Tuckey's expedition to the Congo in 1816-- Captain Tuckey in H.M.'s ship Congo, entered the river Congo, on the southwest, coast of Africa, in latitude 6° S., on the 6th of July 1816. His crew at this time consisted of--

Officers - - - - -7
Naturalists, etc. - - - -5
Petty officers, seamen, and marines -40-52
Two natives of the Congo - -2
--
54

After pursuing the voyage for some way up the river, a party of thirty proceeded on a land expedition beyond the cataracts of the river. Of this party, fourteen died of fever, and four died on board the Congo--all within the space of three months. One man also died from the effects of river fever after leaving the river. Total loss, nineteen.

Of 7 officers - - - -3 died.
" 5 naturalists, etc. - - - -4 "
" 40 petty officers, seamen, and marines 12 "
--
19

Mr. M'Kerrow, the medical officer, describes the weather as pleasant, the thermometer seldom exceeding 76° Fahr., or being lower than 60°, with scarcely any rain, and the atmosphere dry. He describes the fever as an intense remittent, with, however, black vomit in some cases. Bleeding (contrary to the accounts of the missions to the Congo by Carli, Merolla, and others) was unsuccessful as a remedy. Cathartics were useful; and calomel given so as to affect the constitution rapidly, was of great service, followed up by wine and bark.

The canoe expedition, from Captain Owen's ship, up the Zambesi, referred to by Dr. Livingstone, consisted of Lieut. Browne, MR. Forbes (midshipman), Mr. Kilpatrick (assistant-surgeon surgeon), and two black servants. They left Quilimane on the 23rd of July, 1823. On the 3rd of August, being then on the Zambesi, Mr. Forbes was taken with fever, and died on the 15th. On the 27th of August, Lieut. Browne was seized, and died on the 5th of September. Mr. Kilpatrick was attacked on the 1st of September, and was likely to recover; but some <239> imprudence caused a relapse, which proved fatal to him on the 28th of October. The blacks got out of the river safe.

Expedition to the Niger in 1832.--In the expedition to the Niger in the Quorra and Alburkah steam-vessels, under M'Gregor Laird, Lander, and Oldfield, there were in the first- named vessel, besides Kroomen engaged on the coast, a crew of twenty-six persons, while the Alburkah's crew consisted of fourteen only. After some delay at Sierra Leone and Cape Coast, both vessels entered the Nun branch of the Niger on the 18th of October, 1832. The captain and engineer of the Quorra died immediately after the vessel entered the river. The boatswain of the Alburkah also sank under fever at the same time. On the 12th of November, when the vessels were at Damagū, some way above the delta, many in both vessels were laid down with fever; and on the 14th, one European only in the Quorra was fit for duty. On the 21st of November the Quorra had lost thirteen, and the Alburkah two men. On the 5th of December there remained alive in the Quorra four persons only, including Mr. Laird. This gentleman, after various relapses in his own person, and the loss of others of his crew, descended the Niger, and reached the sea on the 19th August, 1833. The Alburkah returned to the mouth of the river in November of the same year.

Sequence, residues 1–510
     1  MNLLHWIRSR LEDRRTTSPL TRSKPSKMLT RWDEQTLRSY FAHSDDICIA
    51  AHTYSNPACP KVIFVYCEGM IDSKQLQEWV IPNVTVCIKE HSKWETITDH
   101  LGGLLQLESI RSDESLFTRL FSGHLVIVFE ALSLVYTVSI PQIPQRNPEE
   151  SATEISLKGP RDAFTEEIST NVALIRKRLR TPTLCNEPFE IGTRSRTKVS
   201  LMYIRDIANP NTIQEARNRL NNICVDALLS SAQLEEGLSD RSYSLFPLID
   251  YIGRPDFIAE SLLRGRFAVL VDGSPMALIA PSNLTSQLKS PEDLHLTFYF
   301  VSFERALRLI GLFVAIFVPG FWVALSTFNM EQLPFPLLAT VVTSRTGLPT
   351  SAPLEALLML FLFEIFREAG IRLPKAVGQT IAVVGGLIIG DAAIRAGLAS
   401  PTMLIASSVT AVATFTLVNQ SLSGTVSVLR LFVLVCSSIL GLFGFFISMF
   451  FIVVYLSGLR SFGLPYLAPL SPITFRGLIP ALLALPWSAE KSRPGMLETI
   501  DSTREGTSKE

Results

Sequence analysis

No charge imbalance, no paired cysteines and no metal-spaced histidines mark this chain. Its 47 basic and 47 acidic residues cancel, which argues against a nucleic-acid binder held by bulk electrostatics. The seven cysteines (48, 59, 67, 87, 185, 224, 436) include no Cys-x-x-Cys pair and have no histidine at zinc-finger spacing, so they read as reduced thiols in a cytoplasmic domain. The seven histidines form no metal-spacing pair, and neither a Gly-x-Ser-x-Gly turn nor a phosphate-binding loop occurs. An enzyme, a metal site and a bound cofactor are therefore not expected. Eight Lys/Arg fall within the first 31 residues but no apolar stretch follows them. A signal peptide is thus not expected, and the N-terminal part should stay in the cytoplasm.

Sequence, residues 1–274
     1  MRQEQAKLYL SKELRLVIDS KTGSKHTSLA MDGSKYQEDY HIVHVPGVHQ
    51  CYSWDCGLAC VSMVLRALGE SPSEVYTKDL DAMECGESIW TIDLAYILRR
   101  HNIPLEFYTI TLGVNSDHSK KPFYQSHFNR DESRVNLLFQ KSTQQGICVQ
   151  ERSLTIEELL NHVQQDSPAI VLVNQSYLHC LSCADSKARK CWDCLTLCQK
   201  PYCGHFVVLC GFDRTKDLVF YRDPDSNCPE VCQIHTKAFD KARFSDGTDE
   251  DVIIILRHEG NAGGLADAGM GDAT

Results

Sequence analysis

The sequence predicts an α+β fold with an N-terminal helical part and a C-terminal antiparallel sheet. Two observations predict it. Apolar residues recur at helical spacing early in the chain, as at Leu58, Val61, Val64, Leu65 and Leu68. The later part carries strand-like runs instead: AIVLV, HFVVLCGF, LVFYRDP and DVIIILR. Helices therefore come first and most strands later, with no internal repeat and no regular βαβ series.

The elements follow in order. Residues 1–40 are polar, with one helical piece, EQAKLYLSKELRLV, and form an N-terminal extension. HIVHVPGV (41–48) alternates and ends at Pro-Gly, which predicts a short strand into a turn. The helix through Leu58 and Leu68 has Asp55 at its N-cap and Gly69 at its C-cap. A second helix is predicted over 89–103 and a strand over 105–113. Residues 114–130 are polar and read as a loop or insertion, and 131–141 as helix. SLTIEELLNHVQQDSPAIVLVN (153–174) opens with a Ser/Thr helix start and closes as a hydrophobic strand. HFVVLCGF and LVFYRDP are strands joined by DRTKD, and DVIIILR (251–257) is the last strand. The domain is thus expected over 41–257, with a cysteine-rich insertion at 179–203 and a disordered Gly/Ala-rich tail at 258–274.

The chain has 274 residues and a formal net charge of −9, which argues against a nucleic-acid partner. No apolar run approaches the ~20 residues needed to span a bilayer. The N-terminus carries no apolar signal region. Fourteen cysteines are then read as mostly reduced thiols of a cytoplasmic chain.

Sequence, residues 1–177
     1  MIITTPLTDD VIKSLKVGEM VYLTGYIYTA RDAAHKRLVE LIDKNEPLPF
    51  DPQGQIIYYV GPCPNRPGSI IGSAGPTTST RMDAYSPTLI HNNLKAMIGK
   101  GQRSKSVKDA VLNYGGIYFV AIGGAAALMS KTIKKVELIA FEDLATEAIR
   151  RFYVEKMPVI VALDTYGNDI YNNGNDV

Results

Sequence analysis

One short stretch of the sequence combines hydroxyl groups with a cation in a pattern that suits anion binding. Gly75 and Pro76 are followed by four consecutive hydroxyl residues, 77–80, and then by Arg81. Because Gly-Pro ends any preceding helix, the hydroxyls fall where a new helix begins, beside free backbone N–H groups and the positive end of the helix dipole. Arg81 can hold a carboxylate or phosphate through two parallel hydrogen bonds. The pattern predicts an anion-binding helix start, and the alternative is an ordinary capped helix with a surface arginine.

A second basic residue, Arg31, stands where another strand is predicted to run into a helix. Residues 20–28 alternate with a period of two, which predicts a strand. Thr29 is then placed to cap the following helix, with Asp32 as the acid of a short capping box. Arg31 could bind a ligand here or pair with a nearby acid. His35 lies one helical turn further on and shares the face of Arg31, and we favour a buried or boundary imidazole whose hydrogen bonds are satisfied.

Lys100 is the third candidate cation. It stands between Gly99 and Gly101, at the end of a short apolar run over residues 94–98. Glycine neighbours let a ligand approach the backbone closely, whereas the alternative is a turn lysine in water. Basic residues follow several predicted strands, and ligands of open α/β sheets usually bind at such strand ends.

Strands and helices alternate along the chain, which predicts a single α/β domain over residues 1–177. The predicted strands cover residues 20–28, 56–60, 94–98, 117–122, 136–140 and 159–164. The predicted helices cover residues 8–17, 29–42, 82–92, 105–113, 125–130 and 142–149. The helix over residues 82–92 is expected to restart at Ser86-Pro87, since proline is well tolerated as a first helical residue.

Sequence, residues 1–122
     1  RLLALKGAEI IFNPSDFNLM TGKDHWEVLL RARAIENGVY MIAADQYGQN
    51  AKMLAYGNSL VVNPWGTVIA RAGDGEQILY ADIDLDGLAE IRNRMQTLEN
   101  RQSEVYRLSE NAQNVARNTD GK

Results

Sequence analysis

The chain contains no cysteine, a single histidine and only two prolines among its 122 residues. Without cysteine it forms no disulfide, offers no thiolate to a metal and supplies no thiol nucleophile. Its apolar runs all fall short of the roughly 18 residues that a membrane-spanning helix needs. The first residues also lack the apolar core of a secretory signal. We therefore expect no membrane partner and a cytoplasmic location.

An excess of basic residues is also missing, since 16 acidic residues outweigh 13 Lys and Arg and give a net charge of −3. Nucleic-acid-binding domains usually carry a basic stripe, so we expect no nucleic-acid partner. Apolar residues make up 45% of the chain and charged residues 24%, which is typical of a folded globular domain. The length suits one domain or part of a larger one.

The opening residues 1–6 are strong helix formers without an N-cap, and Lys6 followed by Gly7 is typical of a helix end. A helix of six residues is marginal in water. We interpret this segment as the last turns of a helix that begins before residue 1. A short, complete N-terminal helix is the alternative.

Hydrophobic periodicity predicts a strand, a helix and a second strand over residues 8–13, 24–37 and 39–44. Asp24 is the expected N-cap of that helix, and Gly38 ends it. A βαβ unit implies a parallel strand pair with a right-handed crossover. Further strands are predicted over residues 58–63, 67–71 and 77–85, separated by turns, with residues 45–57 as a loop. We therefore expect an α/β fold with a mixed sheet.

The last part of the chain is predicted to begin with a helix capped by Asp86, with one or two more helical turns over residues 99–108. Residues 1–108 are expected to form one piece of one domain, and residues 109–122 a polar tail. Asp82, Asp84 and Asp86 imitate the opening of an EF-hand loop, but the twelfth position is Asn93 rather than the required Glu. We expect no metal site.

The total deaths in the Quorra were -24
Survivors - - - - -5
--29
Deaths in Alburkah - - - 15
Survivors - - - - - 4
--19

Besides these, eight or nine Kroomen died from poison.

The chief part of this mortality occurred within three months after the vessels began to ascend the river. Owing to the death of Dr. Briggs at an early period of the expedition, we have no account of his treatment on board the Quorra; but M'Gregor Laird acquaints us that Lander bled and blistered the sick, and gave emetics and purgatives at the outset of the disease. Blisters to the head appeared to do good service in some cases, as in Mr. Laird's own case. Mr. Oldfied administered purgatives, shaved the head, and applied cold lotions. He also used mercury until slight ptyalism was produced.